Do You Need a Diabetes Screening?

January 13,2017

Wellness screenings help your physician determine your current state of health. Even though you may not have any of the signs or symptoms of a disease, a timely screening can allow for early detection and treatments that result in better outcomes. If you have a particular medical condition, screenings can provide your health care provider with a snapshot of how well your body is responding to medications and/or other types of treatments. When you have better control over an illness or disease, it lowers your risk of more serious complications. During the early stages of development, patients often feel perfectly healthy. So, health and wellness screenings can play an important role in keeping you active and healthy during all phases of life.


According to the American Diabetes Association, over 29 million men and women in our country have diabetes and another 86 million are living with prediabetes. Unfortunately, many pre-diabetics are unaware of their condition. This is where a diabetes screenings can help. Diabetes is a disease in which the body no longer produces enough insulin or is no longer able to use it effectively (insulin resistance). The simplest type of diabetes screening is a blood glucose test where your finger is pricked and the drop of blood is immediately analyzed. Free on-the-spot screenings are often offered at health fairs or pharmacies. However, to obtain an accurate screening, the process should be repeated after eight hours of fasting.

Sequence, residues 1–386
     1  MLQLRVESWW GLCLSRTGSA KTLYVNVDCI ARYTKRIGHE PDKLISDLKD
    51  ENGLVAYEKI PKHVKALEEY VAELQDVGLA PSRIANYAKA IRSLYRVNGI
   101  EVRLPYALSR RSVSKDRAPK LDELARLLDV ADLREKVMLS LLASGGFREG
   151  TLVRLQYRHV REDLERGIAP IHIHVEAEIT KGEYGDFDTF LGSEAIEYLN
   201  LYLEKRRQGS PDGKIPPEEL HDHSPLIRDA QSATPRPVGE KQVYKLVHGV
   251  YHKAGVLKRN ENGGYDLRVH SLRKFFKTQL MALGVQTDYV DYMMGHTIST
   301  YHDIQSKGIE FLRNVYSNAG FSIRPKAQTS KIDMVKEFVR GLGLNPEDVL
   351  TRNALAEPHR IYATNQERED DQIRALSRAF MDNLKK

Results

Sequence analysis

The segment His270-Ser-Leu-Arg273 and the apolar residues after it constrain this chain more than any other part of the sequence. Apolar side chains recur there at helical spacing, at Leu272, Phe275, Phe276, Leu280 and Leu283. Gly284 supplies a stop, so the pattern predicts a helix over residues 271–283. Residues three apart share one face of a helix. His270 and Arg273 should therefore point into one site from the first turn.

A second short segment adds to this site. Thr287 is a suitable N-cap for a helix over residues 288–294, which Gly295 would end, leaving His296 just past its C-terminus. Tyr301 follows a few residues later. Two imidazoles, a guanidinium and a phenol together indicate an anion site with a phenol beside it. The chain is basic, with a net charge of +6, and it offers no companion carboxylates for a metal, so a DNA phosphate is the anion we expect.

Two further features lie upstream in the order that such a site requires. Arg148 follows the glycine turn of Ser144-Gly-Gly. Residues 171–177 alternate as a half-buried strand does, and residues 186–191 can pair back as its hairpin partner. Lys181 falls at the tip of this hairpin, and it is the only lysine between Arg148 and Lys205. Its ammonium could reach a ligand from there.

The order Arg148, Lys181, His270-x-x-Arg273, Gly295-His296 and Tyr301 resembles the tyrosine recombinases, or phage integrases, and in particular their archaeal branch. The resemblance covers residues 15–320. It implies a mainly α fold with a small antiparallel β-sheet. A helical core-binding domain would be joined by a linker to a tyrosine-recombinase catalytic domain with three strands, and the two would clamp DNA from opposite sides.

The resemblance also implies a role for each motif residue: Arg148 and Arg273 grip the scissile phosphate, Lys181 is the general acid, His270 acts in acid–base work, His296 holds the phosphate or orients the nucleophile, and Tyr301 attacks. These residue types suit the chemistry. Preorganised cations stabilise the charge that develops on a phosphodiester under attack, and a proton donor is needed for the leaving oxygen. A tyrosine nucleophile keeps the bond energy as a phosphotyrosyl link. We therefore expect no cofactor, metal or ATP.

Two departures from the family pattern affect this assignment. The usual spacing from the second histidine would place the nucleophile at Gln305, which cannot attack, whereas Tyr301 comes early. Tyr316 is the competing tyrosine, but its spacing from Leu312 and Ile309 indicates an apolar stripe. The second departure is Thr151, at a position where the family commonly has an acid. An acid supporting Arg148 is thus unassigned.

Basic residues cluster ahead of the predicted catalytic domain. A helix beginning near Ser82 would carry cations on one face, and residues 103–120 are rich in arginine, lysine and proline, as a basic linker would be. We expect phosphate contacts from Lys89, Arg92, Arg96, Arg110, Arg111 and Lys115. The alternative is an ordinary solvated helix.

If your healthcare provider suspects Type 2 or prediabetes, a more precise screening may be ordered. This lab test is called an A1C and provides a broader picture of your blood glucose levels over the past couple of months. Most of the time, the results of a diabetes screening will fall within the normal range. However, if diabetes is detected, it can save your life by enabling you and your doctor to create a treatment plan before it is too late. When a pre-diabetic condition is identified in the early stages, it can often be treated with lifestyle modifications to diet and exercise. Frequent urination, unusual thirst, extreme fatigue, frequent infections and tingling or numbness in the hands and feet are some of the warning signs of diabetes.


To learn more about preventing and managing diabetes, book an appointment at any PrimeMed location. After a quick exam and review of your medical history, the doctor will go over the results of your blood glucose screening to determine whether additional testing is necessary.